“Really, the first thing to think about is guidance,” says Brunner. “You don’t need to do this all by yourself.” While much depends on your inheritance and whether you have a role as executor in the estate, experts to consult early on may include an attorney versed in estate administration, an accountant and your Financial Advisor, Brunner says. “They’ve been through this before, and they know what to expect. They can help you create a road map for the future.”
If you are executor, one of the key tasks your advisors can help with is collecting and organizing all of the information about the estate, financial and otherwise. Although estate taxes generally aren’t due until nine months after a person’s death, collecting relevant information should start sooner, as it may take time and patience to amass everything you need. Some examples: You’ll want to know about insurance policies, pension plans, real estate holdings and retirement accounts from jobs your loved one may have held many years ago.
Assess your financial picture
A more long-term action to consider is how the inheritance will affect your personal finances. “You’re going to want to add your inheritance to your financial plan and see what the impact will be,” Brunner says. A large inheritance could make it possible to do things that were out of reach before or to approach your goals in a different way, so it’s important to reevaluate your plans for education, retirement and other objectives in light of what has changed. Your Financial Advisor can help you explore the possibilities and help you make any adjustments that are needed.
Since a large inheritance is also likely to change your tax picture, your Financial Advisor and tax specialist may be able to suggest ways to invest in a tax-efficient manner.
Give yourself time where you need it
Even as you take care of these immediate concerns, it’s just as important to give yourself the necessary time to think through larger issues. Say your inheritance includes a home. Keep in the family or sell? You should take immediate steps to ensure that the home is properly maintained and make sure you don’t miss property taxes or other deadlines. But you might give yourself a year or more to decide whether to sell, factoring in what your loved one desired and what the property means to you.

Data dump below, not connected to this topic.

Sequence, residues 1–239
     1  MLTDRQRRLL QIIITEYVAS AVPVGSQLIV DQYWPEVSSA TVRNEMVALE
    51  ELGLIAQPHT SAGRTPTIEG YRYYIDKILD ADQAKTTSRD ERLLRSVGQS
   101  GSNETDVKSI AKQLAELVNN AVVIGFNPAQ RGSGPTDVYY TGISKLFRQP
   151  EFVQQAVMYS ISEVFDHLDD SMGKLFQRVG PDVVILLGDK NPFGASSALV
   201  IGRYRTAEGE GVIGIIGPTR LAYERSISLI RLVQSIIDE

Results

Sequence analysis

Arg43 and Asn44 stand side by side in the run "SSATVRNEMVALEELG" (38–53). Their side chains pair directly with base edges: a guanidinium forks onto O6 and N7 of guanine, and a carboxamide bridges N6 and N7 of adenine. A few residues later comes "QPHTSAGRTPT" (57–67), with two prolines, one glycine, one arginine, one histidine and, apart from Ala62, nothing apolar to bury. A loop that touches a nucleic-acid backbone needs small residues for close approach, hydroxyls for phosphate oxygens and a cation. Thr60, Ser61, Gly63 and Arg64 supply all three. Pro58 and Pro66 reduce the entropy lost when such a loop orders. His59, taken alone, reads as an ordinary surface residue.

At an emotionally vulnerable time, a person who has inherited wealth may be inundated with requests from philanthropic organizations or from friends and relatives hoping for financial help. Given time and emotional distance, you and your advisors can devise a formal approach that reflects how you want to approach philanthropy and gifts.
Sometimes, you may need a year or so just to become comfortable with what it means to have the wealth, says Thayer Willis, author of the book Beyond Gold: True Wealth for Inheritors. Willis, a counselor and therapist who works with wealthy families, recalls a young woman who was “literally a starving artist, living hand to mouth.” When her father died, leaving her an inheritance, “her whole identity was challenged,” Willis says. She worried about everything from what to do with the money to how it would affect her relationships with her friends, most of whom were also starving artists.
Over time, her fears eased. She realized that the inheritance did not have to disrupt her artistic career. She used a portion as a down payment for a house—something she’d never owned—with space to continue her work. “She was able to get herself re-oriented and see this as a gift in her life and something that her father had done for her that she really valued,” Willis says.
You’re likely not a starving artist, but the key insight here—with time comes perspective—applies to almost everyone who, through sudden loss, may find new possibilities.